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Review - Skold vs. KMFDM

The idea of Tim Skold collaborating once again with KMFDM is exciting. Two old friends together again.

Even the concept of the album itself is unique. Every track would be created by one half of the pairing, then traded to the other for a different take on the material. The end result would then be more than a full album’s worth of material, giving both KMFDM and Tim Skold plenty of time to showcase their unique styles.

Unfortunately what is fascinating in concept is thoroughly snooze-inducing in execution.

KMFDM is no stranger to albums that are a little longer than they probably should be, but Skold vs. KMFDM feels like an album of rejected B-sides that weren’t good enough to make it on a compilation of already mediocre B-sides.

The potentially interesting competing personalities idea is almost completely unrealized. Most of the full tracks are the same style of generic, plodding electronic/dance/industrial and show no sign at all of the person behind them.

The album’s biggest failing, however, is the “interludes”. Quite frankly, they’re a joke.

Instead of being alternate versions of existing songs, the vast majority of them just sound like electronic, atmospheric white noise. Only one of them is over two minutes long, but you’ll quickly grow appreciative of that because there’s not a single one of them that’s worth listening to.

Calling any of them a “song” would be vastly stretching the definition. There’s usually little to no beat, no tune, no melody, no lyrics, no actual structure, anything catchy, or anything remotely appealing about them.

You know those little short, pointless atmospheric interludes that some bands like to throw in the middle of their albums because they think it changes the pace a bit or adds variety or something? The miniature not-songs you’ll listen to once and then skip because they add nothing to the album, totally screw up its flow and pacing, and have nothing appealing about them at all? The tracks that basically have no reason to exist except for being filler, giving the band an excuse to fiddle around with their shiny computer programs, and possibly adding that nice little bit of pretentiousness to the whole affair?

Imagine an album with one of those obnoxious things in between every single track. I dare anybody to get into the flow of this album. Hell, I dare anybody to find the flow of this album. It’s an impossible endeavor. These needless wastes of time totally ruin anything even resembling momentum this album could have ever hoped to have.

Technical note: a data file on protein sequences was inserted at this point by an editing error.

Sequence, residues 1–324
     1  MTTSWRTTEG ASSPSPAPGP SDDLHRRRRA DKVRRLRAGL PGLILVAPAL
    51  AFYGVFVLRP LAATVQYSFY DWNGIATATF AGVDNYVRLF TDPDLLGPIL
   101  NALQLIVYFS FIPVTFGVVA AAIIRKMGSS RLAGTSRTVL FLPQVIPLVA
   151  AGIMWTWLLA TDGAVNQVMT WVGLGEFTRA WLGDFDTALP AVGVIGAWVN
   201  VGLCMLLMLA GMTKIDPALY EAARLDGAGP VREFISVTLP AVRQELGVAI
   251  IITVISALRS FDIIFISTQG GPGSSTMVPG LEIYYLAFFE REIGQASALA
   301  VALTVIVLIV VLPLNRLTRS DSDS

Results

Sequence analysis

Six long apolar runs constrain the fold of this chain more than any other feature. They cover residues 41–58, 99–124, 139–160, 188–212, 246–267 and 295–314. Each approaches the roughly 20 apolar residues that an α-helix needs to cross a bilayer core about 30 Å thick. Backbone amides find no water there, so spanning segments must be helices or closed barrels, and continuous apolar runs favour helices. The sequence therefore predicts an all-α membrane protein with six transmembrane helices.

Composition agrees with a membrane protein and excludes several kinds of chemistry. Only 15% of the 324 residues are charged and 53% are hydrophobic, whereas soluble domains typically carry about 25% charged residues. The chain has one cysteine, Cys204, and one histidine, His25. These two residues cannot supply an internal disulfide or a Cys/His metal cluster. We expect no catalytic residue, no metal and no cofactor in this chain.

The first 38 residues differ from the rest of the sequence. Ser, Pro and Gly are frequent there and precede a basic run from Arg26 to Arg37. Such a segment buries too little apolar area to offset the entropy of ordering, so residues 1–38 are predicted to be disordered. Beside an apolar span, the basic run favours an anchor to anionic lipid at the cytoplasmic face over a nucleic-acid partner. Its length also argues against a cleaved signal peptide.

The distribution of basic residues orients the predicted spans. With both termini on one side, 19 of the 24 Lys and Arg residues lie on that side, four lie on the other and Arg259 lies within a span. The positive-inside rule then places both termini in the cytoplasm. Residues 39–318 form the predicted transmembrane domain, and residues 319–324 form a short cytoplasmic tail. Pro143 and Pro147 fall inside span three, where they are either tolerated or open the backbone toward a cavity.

Not that it had much chance of gaining traction with the listener in the first place, seeing as how even the majority of the full-length tracks are forgettable. Even the most well-realized songs on this album could be bested by some of KMFDM’s more mediocre efforts.

And may the higher powers above help us, KMFDM has now been involved with a track that uses Auto-Tune. Error 404 is almost sickening. The thing sounds like an escaped Eiffel 65 song or something. Slow and plodding just like most of the rest of the album, with the added bonus of sometimes cringe-inducing lyrics and that abhorrent vocal effect grating against the eardrums in the chorus. This song is a prime example of why these folks shouldn’t try to do ballads. Yuck.

Bloodsport is the sole appealing cut of the entire album. It has a great beat, catchy chorus, and most of the other makings of a pretty decent KMFDM song in their purely electronic dance style. Find this one song somewhere and add it to your collection, but don’t bother with the rest.

That’s not to say absolutely everything else here is terrible. Why Me, Love is Like, A Common Enemy, and Alkohol are all varying shades of listenable.

But that just brings us back to the problem with the album as a whole. I’m not sure whether KMFDM wanted to do something new and experimental with this release and failed at innovating, or if they were just trying to go back to basics and failed at making it interesting, but it’s one of the two.

Not only does this album fail at bringing anything new to the table, it doesn’t even do generic very well. Even its biggest successes are drastically overshadowed by so much of the band’s other work that Skold vs. KMFDM is almost laughably pointless for all but the most fanatically die-hard fans.

It’s truly a shame. I was looking forward to what this unique concept could bring to the table. All I found in the final product was a lot of boredom and wasted potential. KMFDM’s 25th anniversary deserves a better celebration than this. Let’s hope Blitz can bring it, though I’m not as hopeful of that prospect as I once was.

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